# Hypothesis testing: Null Hypothesis for one-sided tests

With a one sided test, we might want to assess if a sample mean is greater than some theoretical mean (or the other way round):

$H_A: \mu_S > \mu_T$

What confuses me is that even for one-sided test the Null-hypothesis is described as equality between the means, i.e.: $H_0: \mu_S = \mu_T$ . Why is that? Would the opposite of $H_A$ in this case not be that the our sample mean is either equal OR smaller than the theoretical value, i.e. $H_0: \mu_T \geq \mu_S$?

• I believe the null hypothesis should be of the "greater-than-or-equal-to" variety for a one-sided test. Where did you see it defined as the simple equality? Apr 22, 2018 at 13:44
• Here for instance, but also in many other places: stat.yale.edu/Courses/1997-98/101/sigtest.htm
– user24544
Apr 22, 2018 at 13:55
• Unfortunatelly, I don't have enough reputation to comment. Thus, a link to a good question in the same direction and the corresponding answer. Sep 13, 2019 at 13:09
• Jul 4, 2020 at 14:40

This is a common approach in some introductory statistics textbooks. The alternative hypothesis can be directional (e.g., $H_a : \mu > \mu_0$) or non-directional (e.g., $H_a : \mu \ne \mu_0$), but the null hypothesis is always written as an equality (e.g., $H_0 : \mu = \mu_0$).

Your evaluation is correct: this would be the mutually exclusive alternative only for the non-directional test. The appropriate mutually exclusive option for the first alternative hypothesis above would properly be $H_0 : \mu \le \mu_0$.

So, ¿why do textbook authors sometimes just always write the null with the equality sign? Well, it comes down to what you can (and cannot) draw. I can draw a picture of a hypothetical world where the population mean is a given value (say $\mu_0$). I can sketch the normal curve, indicate the center is at $\mu_0$, and I'm good to go. What I can't do is draw infinitely many other such curves were $\mu \le \mu_0$.

OK...but ¿won't the $P$-values be different if I drew different curves? Yes, they would, but if you conduct a thought-experiment of what the new $P$-value would be if you did have a normal curve with a shifted mean, that new $P$-value will always be less than the one you calculated with the fixed null hypothesis.

And in the end, technically, I can't calculate a separate $P$-value for the infinite options indicated in $H_0: \mu \le \mu_0$, but I can calculate one for $H_0 : \mu = \mu_0$. (Well, not if we aren't going down a Bayesian path...)**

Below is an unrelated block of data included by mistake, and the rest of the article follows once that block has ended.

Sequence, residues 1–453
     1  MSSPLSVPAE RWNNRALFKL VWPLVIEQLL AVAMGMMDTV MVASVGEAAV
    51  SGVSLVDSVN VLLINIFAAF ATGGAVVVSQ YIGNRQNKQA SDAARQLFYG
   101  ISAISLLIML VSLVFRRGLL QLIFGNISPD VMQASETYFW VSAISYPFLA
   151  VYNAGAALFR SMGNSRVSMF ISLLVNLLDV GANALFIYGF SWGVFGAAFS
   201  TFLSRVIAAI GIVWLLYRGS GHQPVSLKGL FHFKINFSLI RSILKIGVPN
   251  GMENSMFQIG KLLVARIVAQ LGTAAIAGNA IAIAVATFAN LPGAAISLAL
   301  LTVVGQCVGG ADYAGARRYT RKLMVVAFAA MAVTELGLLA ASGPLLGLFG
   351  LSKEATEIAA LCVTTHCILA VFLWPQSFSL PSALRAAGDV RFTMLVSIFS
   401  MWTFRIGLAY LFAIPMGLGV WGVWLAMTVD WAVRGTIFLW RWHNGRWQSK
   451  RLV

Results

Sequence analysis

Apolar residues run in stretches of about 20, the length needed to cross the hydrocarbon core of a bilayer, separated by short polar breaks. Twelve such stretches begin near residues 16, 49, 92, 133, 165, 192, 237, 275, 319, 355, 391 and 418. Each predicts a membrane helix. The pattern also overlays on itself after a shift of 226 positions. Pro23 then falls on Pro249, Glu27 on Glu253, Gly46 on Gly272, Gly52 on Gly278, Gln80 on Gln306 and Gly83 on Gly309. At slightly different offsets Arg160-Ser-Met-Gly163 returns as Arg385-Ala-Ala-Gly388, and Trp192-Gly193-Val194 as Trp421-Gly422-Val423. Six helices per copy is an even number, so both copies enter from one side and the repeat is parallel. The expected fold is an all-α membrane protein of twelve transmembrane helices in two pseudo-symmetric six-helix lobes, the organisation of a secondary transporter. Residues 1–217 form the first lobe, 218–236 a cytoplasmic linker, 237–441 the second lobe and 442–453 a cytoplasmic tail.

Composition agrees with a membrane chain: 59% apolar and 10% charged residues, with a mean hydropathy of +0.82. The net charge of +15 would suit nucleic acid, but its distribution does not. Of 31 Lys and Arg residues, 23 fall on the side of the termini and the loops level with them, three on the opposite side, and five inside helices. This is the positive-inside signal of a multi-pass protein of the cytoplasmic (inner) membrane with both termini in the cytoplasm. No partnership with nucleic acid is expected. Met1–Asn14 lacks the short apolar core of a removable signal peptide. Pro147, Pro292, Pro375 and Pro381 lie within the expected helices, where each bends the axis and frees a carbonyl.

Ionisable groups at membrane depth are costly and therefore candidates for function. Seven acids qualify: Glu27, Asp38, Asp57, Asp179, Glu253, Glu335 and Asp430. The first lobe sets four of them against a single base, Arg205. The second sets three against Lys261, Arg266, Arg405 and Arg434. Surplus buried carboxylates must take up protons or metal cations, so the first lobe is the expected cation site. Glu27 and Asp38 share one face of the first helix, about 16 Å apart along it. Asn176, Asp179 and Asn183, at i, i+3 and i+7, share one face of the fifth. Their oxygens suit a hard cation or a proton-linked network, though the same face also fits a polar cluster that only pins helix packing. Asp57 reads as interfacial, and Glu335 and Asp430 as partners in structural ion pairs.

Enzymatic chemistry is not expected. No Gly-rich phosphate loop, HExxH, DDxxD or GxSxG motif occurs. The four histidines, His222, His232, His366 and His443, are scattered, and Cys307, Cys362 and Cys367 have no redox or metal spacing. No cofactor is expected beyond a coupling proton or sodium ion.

Hope this helps justify the pedagogic rationale behind this (seemingly) wrong conventional notation.

**This comment is based on the more simplistic definition of $P$-value used in most introductory statistics textbook. A more general definition of the $P$-value can account for this, and is described in another answer below.

• Very helpful! I find it very important (and very instructive) to care about such details too, so thank you:-)! Practically however, when I conduct a one-sided test, this then implies that H_0 gets rejected when equality does not hold if I understand you correctly (because only then we can calculate a specific p-value)?
– user24544
Apr 22, 2018 at 14:45
• Let's say we have a $p=.022$ with a one-sided test $H_0 : \mu \ge 0$. This means our test statistic is a negative value. If we have any value for $\mu$ greater than 0, say, 0.5, the test statistic will be even farther away from the mean, thus with a lower $P$-value. So, if you reject with $H_0 : \mu = 0$, you would reject with $H_0 : \mu \ge 0$. Apr 22, 2018 at 14:51
• Gregg, I would modify your penultime paragraph. See Scortchi's answer. ;) Apr 23, 2018 at 10:45

@GreggH's answer is excellent, but seems, in the penultimate paragraph, to hint at something fishy going on. In fact a formal definition of p-values takes this kind of situation into account.

When the null hypothesis is composite, specifying a set of values $\Theta_0$ for the unknown parameter $\theta$, a valid p-value $p(x)=\alpha$ (where $x$ is the observed data) is one which has a distribution function at $\alpha$ that does not exceed $\alpha$ whatever the value of $\theta$ might be (within $\Theta_0$):

$$\Pr_\theta \left[ p(X)\leq\alpha \right] \leq \alpha \quad \forall \theta \in \Theta_0, \ \forall\alpha\in[0,1]$$

One way of ensuring validity is simply to construct the p-value as the supremum of the probability that a test statistic $T$ exceeds or equals its observed value $t$ over all values of $\theta$ within $\Theta_0$:

$$p(x) = \sup_{\theta\in\Theta_0} \Pr_\theta\left[T\geq t\right]$$

In many cases the location of the supremum can easily be seen to be at the boundary with the alternative hypothesis, so there's no difference between testing $H_0:\theta=\theta_0$ or $H_0: \theta\leq\theta_0$ vs $H1:\theta>\theta_0$.

† In general $\theta$ may be a vector, say $(\phi,\lambda$), with one component, say $\phi$, being the parameter of interest, & the other, say $\lambda$, being a nuisance parameter; another way to construct a valid p-value is to condition on a statistic that's sufficient for $\lambda$ when $\phi=\phi_0$.

• +1, Scortchi, by the way, when defining a test, is there much of a difference if I use for e.g. $T\leq c$ or $T<c$? math.stackexchange.com/questions/2749908/… Apr 23, 2018 at 10:47
• @Anoldmaninthesea: If $T$ has a discrete distribution, so that $\Pr_{\theta_0}[T=c]>0$, then yes. Apr 23, 2018 at 11:04
• Scortchi, I should have written differently my comment. I've created a question here, it gives a bit more info.stats.stackexchange.com/questions/342237/… Apr 23, 2018 at 11:15

In conclusion, it appears to be a matter of convention, whether to write the null hypothesis as $$H_0 : \mu_s = \mu_t$$ or $$H_0 : \mu_s <= \mu_t$$ (opposite of alternative).